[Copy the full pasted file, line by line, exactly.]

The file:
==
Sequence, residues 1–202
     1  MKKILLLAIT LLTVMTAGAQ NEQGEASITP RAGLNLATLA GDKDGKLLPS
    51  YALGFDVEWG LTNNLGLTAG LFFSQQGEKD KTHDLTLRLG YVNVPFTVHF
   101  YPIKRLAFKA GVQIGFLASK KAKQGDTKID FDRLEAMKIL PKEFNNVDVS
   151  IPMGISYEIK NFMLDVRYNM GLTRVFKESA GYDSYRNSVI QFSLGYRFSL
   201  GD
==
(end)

Sequence, residues 1–202
     1  MKKILLLAIT LLTVMTAGAQ NEQGEASITP RAGLNLATLA GDKDGKLLPS
    51  YALGFDVEWG LTNNLGLTAG LFFSQQGEKD KTHDLTLRLG YVNVPFTVHF
   101  YPIKRLAFKA GVQIGFLASK KAKQGDTKID FDRLEAMKIL PKEFNNVDVS
   151  IPMGISYEIK NFMLDVRYNM GLTRVFKESA GYDSYRNSVI QFSLGYRFSL
   201  GD